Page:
Hi Bill, Yes – thanks. I think I’ll have to do more of these. I couldn’t really go beyond Pagerank in an 18 minute Pubcon session. Although the random surfer model expired (and wasn’t even assigned to Google), it is still a precursor to understanding everything that has come after it. I think I would love to do more videos/presentations on both Reasonable surfer patent, Dangling Nodes and probably a lifetime of other videos in the future. To be able to demonstrate these concept without giving people headaches, though, the PageRank algorithm in Matrix form provides a good understanding of why you can’t "just get links" and expect everything to be at number 1.

But if you do it properly, it can be worth your money. Also, press releases can be much more than just a block of text. In December 2018, we ran a press release through Business Wire that had multiple backlinks, stylized call outs, and even a video! If you put effort into them, press releases can be not just a source of backlinks, but also serve as a great marketing piece as well.

nofollow is beyond a joke now. There is so much confusion (especially when other engines’ treatment is factored in), I don’t know how you expect a regular publisher to keep up. The expectation seems to have shifted from “Do it for humans and all else will follow” to “Hang on our every word, do what we say, if we change our minds then change everything” and nofollow lead the way. I could give other examples of this attitude (e.g. “We don’t follow JavaScript links so it’s ‘safe’ to use those for paid links”), but nofollow is surely the worst.
Affiliate marketing - Affiliate marketing is perceived to not be considered a safe, reliable and easy means of marketing through online platform. This is due to a lack of reliability in terms of affiliates that can produce the demanded number of new customers. As a result of this risk and bad affiliates it leaves the brand prone to exploitation in terms of claiming commission that isn't honestly acquired. Legal means may offer some protection against this, yet there are limitations in recovering any losses or investment. Despite this, affiliate marketing allows the brand to market towards smaller publishers, and websites with smaller traffic. Brands that choose to use this marketing often should beware of such risks involved and look to associate with affiliates in which rules are laid down between the parties involved to assure and minimize the risk involved.[47]
[44] Matteo Pasquinelli reckons the basis for the belief that PageRank has a social component lies in the idea of attention economy. With attention economy, value is placed on products that receive a greater amount of human attention and the results at the top of the PageRank garner a larger amount of focus then those on subsequent pages. The outcomes with the higher PageRank will therefore enter the human consciousness to a larger extent. These ideas can influence decision-making and the actions of the viewer have a direct relation to the PageRank. They possess a higher potential to attract a user's attention as their location increases the attention economy attached to the site. With this location they can receive more traffic and their online marketplace will have more purchases. The PageRank of these sites allow them to be trusted and they are able to parlay this trust into increased business.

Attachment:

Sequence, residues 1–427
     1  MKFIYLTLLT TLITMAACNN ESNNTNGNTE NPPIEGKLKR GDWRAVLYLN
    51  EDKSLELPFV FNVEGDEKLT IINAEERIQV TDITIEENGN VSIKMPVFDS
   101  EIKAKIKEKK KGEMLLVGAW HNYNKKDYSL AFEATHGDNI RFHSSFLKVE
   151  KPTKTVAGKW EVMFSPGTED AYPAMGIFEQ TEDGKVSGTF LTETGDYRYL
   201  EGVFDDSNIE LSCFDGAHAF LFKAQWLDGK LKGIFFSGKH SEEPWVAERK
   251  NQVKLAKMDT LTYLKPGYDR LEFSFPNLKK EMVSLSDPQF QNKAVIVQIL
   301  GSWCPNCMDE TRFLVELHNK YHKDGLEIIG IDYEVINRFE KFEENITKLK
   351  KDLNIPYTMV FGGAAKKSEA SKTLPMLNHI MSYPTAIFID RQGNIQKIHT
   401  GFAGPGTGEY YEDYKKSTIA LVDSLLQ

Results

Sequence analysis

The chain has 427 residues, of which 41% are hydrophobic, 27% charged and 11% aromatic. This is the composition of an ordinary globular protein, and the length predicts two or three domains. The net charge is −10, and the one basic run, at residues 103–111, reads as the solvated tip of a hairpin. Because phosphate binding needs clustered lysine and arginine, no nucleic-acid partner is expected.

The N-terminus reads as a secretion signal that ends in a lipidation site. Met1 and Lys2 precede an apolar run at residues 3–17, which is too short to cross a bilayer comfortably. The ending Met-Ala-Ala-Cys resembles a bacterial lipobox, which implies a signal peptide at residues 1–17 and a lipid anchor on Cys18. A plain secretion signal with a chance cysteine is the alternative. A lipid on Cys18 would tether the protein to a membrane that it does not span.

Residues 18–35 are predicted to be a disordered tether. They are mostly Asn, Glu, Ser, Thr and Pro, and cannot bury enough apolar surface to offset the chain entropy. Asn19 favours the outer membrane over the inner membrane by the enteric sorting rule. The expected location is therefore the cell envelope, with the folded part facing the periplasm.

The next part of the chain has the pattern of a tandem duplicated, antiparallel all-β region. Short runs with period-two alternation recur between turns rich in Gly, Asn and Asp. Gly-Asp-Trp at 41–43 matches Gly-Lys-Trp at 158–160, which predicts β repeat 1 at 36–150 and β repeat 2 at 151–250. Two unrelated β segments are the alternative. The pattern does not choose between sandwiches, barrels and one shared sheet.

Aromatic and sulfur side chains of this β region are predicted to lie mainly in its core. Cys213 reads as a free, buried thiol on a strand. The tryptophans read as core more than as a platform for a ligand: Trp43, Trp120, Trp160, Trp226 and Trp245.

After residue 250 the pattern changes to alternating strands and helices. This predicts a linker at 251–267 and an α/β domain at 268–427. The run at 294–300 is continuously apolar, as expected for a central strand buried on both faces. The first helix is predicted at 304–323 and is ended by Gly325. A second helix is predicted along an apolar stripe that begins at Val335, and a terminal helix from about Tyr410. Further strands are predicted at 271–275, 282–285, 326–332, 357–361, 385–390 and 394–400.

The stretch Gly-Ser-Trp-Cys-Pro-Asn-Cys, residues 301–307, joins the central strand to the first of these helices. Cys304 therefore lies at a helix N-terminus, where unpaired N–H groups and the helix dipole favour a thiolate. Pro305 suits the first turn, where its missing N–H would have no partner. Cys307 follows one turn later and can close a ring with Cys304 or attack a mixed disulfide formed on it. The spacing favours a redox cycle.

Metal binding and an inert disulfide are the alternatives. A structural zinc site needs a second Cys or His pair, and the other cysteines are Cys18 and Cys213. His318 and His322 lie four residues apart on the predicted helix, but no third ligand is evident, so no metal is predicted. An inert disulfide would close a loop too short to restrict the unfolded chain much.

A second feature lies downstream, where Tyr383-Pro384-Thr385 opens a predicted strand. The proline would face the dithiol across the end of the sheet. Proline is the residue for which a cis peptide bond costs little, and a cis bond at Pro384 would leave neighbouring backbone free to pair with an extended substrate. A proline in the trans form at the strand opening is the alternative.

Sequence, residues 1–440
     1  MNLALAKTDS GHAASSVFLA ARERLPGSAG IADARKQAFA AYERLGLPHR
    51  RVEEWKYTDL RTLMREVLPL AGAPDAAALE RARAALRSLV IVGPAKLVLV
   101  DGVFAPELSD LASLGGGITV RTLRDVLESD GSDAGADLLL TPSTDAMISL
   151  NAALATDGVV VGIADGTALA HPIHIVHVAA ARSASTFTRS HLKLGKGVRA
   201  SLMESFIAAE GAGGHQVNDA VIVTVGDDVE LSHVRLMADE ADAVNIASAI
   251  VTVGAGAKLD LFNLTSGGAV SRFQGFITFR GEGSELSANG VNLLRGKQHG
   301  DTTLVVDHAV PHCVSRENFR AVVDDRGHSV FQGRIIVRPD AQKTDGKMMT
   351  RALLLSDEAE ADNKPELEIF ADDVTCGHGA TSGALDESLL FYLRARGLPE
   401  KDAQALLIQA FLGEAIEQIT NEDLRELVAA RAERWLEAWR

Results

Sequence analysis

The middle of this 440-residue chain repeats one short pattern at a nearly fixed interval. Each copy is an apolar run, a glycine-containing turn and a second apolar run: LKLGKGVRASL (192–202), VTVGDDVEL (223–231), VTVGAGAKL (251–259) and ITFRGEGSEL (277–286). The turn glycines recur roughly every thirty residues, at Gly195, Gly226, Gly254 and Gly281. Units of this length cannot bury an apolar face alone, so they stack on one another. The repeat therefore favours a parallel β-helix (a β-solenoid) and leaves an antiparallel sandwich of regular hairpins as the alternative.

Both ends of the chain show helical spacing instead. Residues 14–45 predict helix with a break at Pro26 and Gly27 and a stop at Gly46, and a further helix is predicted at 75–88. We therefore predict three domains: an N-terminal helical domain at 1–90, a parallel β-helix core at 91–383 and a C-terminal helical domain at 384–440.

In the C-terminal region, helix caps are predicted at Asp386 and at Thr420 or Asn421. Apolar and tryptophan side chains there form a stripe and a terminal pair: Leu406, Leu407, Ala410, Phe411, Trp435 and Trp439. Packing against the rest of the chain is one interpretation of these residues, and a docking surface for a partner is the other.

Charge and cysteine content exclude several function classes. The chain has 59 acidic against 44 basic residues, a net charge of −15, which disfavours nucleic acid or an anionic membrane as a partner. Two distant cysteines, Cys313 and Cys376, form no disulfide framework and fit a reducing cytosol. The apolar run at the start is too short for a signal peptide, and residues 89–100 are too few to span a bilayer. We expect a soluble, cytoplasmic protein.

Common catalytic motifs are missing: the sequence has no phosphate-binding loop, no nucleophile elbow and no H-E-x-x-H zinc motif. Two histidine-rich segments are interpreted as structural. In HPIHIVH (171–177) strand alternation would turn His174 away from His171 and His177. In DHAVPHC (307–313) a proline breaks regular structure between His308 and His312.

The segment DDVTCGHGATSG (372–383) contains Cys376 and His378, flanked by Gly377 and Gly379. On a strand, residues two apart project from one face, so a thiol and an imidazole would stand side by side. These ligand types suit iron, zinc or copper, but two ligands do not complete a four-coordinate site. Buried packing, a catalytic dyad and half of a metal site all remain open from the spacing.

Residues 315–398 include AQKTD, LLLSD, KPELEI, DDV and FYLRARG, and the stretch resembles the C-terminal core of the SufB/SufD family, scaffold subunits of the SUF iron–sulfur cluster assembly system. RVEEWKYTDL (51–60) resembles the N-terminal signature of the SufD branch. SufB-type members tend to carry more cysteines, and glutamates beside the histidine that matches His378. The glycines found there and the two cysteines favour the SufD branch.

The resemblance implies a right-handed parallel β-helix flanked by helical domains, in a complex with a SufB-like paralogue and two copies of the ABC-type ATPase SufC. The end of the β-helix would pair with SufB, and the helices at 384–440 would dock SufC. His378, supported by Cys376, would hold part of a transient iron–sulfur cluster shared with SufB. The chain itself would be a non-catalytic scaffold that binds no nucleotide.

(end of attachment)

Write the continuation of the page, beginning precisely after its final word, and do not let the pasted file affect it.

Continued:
Email marketing is the practice of nurturing leads and driving sales through email communications with your customers. Like social media, the goal is to remind users that you’re here and your product is waiting. Unlike social media, however, you can be a lot more aggressive with your sales techniques, as people expect that email marketing will contain offers, product announcements and calls to action.

Thanks for the post Chelsea! I think Google is starting to move further away from PageRank but I do agree that a higher amoount of links doesn’t necessarily mean a higher rank. I’ve seen many try to shortcut the system and end up spending weeks undoing these “shortcuts.” I wonder how much weight PageRank still holds today, considering the algorithms Google continues to put out there to provide more relevant search results.